Clarification on exactly what WebKit is?

I have been doing some experimenting (read farting about) with WebKit recently and I am now a bit confused by what WebKit actually is.

The Wikipedia article about WebKit states that it includes WebCore (HTML/CSS rendering engine) and JavaScriptCore (JavaScript engine) and that it is used in Safari amongst other apps. That sounds logical so I went to the WebKit Project page and downloaded a nightly of it (I did have a reason for doing this but it can wait for a future post :).

The confusion came when I launched WebKit in how similar it is to Safari! I expected a reference implementation of the basic browser but it is a full featured web browser that apart from the different colour surround to the compass in the icon is indistinguishable from Safari. It uses my Safari bookmarks, the menu items are identical, the annoying beach ball is there when loading large web pages, even the application name in the menu bar shows as “Safari”.

So, does this mean that other software that wants to use WebKit has to either include all of the additional Safari functionality or strip it out manually? This seems to me like a rather backwards way to do things, shouldn’t WebKit be an absolute bare bones implementation which applications can easily integrate and then Safari be a project based upon that (they could open source Safari itself if they want to give a more comprehensive example of WebKit being used).

Just seems a little strange to me, am I missing something?

Oh and I am going for “WebKit” rather than “Web Kit”, if it is good enough for their home page it is good enough for me.

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10 responses to “Clarification on exactly what WebKit is?

  1. The page appears to be a little misleading. I think that it includes a nightly build of Safari which has the nightly build of the WebKit Framework embedded in it. I know for a fact that if you use WebKit your application doesn’t have to look like Safari. You can check out some of the different applications that make use of WebKit here. There is also a tutorial somewhere that shows you how to build your own WebKit powered browser in about six lines of code but I don’t know exactly where it is.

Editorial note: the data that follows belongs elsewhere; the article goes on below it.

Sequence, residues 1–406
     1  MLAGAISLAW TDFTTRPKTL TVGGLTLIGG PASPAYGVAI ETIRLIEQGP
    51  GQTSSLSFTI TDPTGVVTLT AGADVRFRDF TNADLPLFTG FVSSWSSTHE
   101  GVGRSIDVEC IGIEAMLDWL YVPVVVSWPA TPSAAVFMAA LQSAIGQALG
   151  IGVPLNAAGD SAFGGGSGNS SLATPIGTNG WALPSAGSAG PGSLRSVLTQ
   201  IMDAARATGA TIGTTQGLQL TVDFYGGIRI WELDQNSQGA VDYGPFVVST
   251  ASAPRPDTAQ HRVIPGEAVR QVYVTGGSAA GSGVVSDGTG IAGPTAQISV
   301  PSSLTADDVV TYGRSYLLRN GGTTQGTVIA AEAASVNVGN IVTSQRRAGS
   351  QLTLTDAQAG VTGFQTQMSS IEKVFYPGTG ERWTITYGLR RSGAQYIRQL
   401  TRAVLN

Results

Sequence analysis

2. As Twist alludes, there’s a difference between ‘WebKit.app’ (the demo application which is basically a nightly of Safari) and ‘WebKit.framework’ (which is the framework you can use and embed in other applications).

    Obviously the application host needs to be kept up to date in order to expose and test the new features of the rendering engine, so they helpfully provide the nightly build of that for you :)

  3. If you’re familiar with frameworks (they are a lot like libraries), Web Kit is a framework which you can use in your app for web-related tasks. Safari uses Web Kit, as do many other apps.

    The nightly build of Web Kit is bundled *within* Safari in order to test out the daily state of Web Kit. Most likely you wouldn’t want to replace your current system Web Kit install, so a bundled Web Kit + Safari is very useful for Web Kit developers, and for anyone interested in following the progress of Web Kit (perhaps you have a pet bug you’d like to see addressed), since it doesn’t affect the system itself.

    If you’d like to try out a newer version of Web Kit in an app you are writing, you’ll need to download the source code, although there are very few reasons to do this and many reasons not to.

  4. Your blog ate my comment :(

    I wanted to expand on the above—like Windows, Mac OS X has the concept of both system and application-specific shared libraries and frameworks. The difference in Mac OS X’s case is that the application-specific libraries are stored inside the application bundle itself, which makes everything nice and neat.

    The problem with distributing a binary release of the WebKit framework on its own is that people would undoubtedly try and install it over the top of the system framework, and things would likely break horribly in subtle but nasty ways. Not only that, but it’d probably get overwritten when Software Update did its thing.

    OmniWeb 5.5 Preview includes a private build of WebKit for the same reason—you can test new features without impacting on the rest of the platform.

    If you have a peek inside the WebKit.app bundle (right-click and ‘Show Package Contents’), you’ll find a Contents/Resources/ folder which contains the various frameworks which make up the WebKit nightly build proper.

  5. @Mo:

    Yes, Apple got that one right, the bundled web browser should not be deeply embedded in the os and instead should be able to co-exist within other applications and side by side with versions of itself.

    Microsoft have said many times that one of the things that held back development of IE was the immense amount of compatibility testing that was needed for each release.

  6. I figured that there might be two definitions to what WebKit is, as long as WebKit is both a component of the WebKit demo app then that makes things ok, if a little confused in its naming.

  7. I don’t think the demo app’s name is widely known beyond a certain sector of geeks willing to try out the nightlies—certainly, I didn’t know it existed until a couple of weeks back (I actually have a sneaking feeling it didn’t exist until recently, in actual fact).

    A better name would have been ‘WebKit Browser.app’.

  8. It turns out I’m actually slightly wrong.

    The WebKit application actually launches whatever version of Safari you have installed, setting up the environment in order to use the bundled version of the WebKit framework. It’s basically just a wrapper executable.

    Running ‘strings’ on WebKit.app/Contents/MacOS/WebKit reveals all (as well as looking at the output of ‘ps axeww | grep WebKit’ when it’s running).

  9. Thats interesting Mo, thanks.